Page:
In the book The Long Tail, ChrisAnderson? popularized the phrase, long tail, to describe the frequently occuring PowerLaw distribution in domains of social popularity. In these domains, there are typically a relatively (very) few number of "hits" that are very popular (the head), and a very large number of relatively (very) unpopular "niches" (the long tail). Anderson suggests that our culture and economy are shifting away from focus on hits towards focus on the long tail.
The reason why it is called the "long tail" is that social popularity graphs tend to follow ZipfsLaw. The hits form a sharp vertical spike at the beginning, and the niches form a long tail afterwards.
This shift is seen in a large number of places. Most relevant to the context here is the shift away from TheAuthor as revered genius towards a democratic or popularist or consumerist focus on TheAudience. Hence, a shift from TheBook? to OnlineCommunities.
Other interesting predictions is that the aggregate value of the LongTail of NicheMarket?s could be equal or at least significantly comparable to the value of the hits. While traditional retail is limited by the scarcity of expensive shelf space to stock products, digital retail has theoretically "infinite shelf space" (cf. EnlargeSpace), or at least a very very large amount of space which is limited by the AttentionEconomy?. For example, Amazon.com can stock and present millions of book titles to the customer, whereas a traditional bookstore would only be able to stock a few thousand (or a couple hundred thousand in the case of the superstores).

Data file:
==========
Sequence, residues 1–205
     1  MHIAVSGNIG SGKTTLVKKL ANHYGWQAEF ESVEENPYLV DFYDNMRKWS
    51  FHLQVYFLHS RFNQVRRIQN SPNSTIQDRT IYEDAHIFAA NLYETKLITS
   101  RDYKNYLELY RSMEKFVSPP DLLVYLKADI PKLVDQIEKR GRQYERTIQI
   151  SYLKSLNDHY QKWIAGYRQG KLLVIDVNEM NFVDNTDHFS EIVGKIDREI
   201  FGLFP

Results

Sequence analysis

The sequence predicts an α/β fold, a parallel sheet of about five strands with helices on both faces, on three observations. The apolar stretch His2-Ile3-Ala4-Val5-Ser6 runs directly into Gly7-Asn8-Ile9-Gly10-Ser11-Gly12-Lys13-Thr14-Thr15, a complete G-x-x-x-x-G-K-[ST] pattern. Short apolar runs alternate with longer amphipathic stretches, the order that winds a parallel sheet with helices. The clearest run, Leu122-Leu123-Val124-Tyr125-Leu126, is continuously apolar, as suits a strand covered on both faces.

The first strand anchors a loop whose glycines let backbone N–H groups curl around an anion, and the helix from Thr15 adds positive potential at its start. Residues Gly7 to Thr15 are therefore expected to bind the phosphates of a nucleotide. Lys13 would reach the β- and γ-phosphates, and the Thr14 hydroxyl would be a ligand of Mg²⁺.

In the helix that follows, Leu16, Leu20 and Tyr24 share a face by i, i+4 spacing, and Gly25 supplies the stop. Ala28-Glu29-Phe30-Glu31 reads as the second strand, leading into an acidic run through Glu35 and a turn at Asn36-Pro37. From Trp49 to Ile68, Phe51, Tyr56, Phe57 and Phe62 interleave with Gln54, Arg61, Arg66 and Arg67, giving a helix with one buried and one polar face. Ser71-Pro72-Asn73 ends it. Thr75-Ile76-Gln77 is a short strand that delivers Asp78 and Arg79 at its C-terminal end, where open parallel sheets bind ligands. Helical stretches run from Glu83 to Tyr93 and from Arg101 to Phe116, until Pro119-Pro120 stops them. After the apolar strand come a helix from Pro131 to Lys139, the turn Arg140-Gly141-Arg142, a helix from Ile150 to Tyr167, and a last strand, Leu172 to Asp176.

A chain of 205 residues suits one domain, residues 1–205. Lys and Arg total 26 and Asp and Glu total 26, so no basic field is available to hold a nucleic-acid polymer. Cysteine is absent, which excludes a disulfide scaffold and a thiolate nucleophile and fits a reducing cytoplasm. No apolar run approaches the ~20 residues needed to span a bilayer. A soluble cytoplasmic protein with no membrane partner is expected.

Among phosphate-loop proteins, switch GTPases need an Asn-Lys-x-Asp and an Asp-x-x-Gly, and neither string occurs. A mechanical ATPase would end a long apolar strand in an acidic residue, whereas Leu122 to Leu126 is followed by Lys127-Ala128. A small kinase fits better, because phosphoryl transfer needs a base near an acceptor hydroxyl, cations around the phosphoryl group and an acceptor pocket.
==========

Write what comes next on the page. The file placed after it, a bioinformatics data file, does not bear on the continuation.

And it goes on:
Of course, in the case of the online book industry, usually books are printed and stored in a warehouse until they are bought. This puts a finite limit on the number of titles available, even if the total capacity of the publishers' and distributors' warehouses are much larger than a retail bookstore. An alternate solution is to not produce an item until it is requested. Therefore, another prediction is that MassCustomization? in the 21st century will increasingly take over from MassProduction? (post-WWII). So, in that case, books will be printed on demand. Or CafePress? t-shirts are printed on demand.